Challenges and Responses in Ongoing CX Evolution


Challenges and Responses in Ongoing CX Evolution

Challenges and Responses in Ongoing CX Evolution

As the greatest disruption of our time continues to impact business everywhere, let’s consider some of the most significant issues predicted to affect the customer experience (CX) field—and what we can already start doing to address them.

1. As world commerce becomes ever more virtual, support needs will increase.

  • Whether at home, onsite, or in some hybrid model, workforce capacity, capability, and connectivity must be optimized to anticipate more numerous and more complex needs.
  • CX providers must cultivate even further end-to-end expertise in experience design and management, such as journey mapping, analysis, and content improvement.

2. Technology will play a more prominent role in fulfilling needs, though humans will still be crucial.

  • CX companies should invest in, build, and demonstrate next-generation solutions, including kiosk support, virtual reality, Internet-of-Things-connected devices, and more.
  • CX providers must strengthen their intelligent automation profile in terms of technological advancement, usability, and customer-friendliness.

3. Technology disruptions can’t be avoided.

  • Businesses can mitigate risk by diversifying their CX endeavors through reliable off- and nearshore partners, ensuring that support will continue, regardless of disruption.
  • CX providers need to press for solid national policies that attract and reward investors, such as tax and real estate incentives, along with infrastructure development.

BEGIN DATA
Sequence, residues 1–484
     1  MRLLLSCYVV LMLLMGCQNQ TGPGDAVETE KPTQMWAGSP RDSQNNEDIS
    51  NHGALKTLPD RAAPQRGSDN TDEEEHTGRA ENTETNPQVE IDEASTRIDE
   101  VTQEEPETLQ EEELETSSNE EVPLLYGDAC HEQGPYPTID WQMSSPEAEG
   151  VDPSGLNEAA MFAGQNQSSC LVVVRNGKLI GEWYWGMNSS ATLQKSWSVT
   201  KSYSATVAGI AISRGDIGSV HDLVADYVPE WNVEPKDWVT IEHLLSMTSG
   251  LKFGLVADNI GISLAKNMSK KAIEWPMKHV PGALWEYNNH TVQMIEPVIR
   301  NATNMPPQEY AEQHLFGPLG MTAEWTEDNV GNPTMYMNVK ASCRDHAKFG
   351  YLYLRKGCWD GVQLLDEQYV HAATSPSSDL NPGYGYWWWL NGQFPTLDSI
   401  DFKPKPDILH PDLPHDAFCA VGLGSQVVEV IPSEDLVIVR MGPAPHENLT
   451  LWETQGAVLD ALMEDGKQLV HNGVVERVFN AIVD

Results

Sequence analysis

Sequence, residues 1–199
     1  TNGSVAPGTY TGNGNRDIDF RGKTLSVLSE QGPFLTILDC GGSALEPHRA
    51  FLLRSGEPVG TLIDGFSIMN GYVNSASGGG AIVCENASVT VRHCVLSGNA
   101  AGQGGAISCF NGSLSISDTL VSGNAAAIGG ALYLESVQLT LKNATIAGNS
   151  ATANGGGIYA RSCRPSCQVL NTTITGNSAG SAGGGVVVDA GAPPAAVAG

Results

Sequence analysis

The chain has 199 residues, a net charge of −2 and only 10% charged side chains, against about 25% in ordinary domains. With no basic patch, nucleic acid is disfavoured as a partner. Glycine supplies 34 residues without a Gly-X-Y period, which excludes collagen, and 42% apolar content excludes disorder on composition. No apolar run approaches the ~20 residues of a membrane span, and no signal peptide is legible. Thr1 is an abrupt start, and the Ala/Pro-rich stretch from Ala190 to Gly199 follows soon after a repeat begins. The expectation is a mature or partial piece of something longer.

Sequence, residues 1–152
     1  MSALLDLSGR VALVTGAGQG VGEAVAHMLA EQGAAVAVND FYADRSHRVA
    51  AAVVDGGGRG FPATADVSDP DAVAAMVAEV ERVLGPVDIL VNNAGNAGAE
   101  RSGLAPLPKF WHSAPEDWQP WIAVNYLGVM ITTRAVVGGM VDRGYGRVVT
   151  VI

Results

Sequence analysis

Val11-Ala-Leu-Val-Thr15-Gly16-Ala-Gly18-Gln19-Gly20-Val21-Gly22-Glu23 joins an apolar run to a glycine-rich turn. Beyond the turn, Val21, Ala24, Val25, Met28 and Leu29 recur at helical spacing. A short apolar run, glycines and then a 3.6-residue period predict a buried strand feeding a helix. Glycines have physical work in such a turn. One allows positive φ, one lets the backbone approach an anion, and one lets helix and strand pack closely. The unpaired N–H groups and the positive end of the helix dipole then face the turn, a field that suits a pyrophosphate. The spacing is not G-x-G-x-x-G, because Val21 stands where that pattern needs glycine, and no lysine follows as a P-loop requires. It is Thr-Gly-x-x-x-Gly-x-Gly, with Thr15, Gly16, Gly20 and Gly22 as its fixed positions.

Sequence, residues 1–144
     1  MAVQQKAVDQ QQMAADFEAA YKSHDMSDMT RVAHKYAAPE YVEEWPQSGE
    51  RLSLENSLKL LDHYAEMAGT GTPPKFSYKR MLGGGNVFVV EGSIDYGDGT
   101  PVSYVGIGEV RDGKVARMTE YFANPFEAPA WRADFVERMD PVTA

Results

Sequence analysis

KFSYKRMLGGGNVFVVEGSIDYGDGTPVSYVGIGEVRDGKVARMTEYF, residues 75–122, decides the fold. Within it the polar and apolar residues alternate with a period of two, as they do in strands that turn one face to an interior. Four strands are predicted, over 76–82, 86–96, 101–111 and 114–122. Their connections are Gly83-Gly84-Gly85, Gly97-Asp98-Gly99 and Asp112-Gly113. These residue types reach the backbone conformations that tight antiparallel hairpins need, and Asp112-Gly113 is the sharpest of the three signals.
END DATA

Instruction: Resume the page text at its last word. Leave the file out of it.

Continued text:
4. Talent shortage will increasingly become a serious pain point.

  • CX companies can find an opportunity to experiment with alternative talent models, like the gig economy and blended IVA+human support, amid quarantine restrictions.
  • Offshore providers should utilize scale benefits to create innovation in training, demand–supply matching, career pathing, and the like.

5. Customer perception will be more influenced by goals like sustainability and diversity.

  • CX providers can hone niche customer segment expertise, serving the specialized needs of the elderly, technophobic, distressed, and more.
  • CX companies can help others and themselves by accessing previously-untapped labor pools, providing a livelihood for single parents, the disabled, and other homebound.

These are just ways businesses involved in CX—which, nowadays, is every business—can adapt to ongoing and foreseeable changes. Are your company and its partners getting in gear?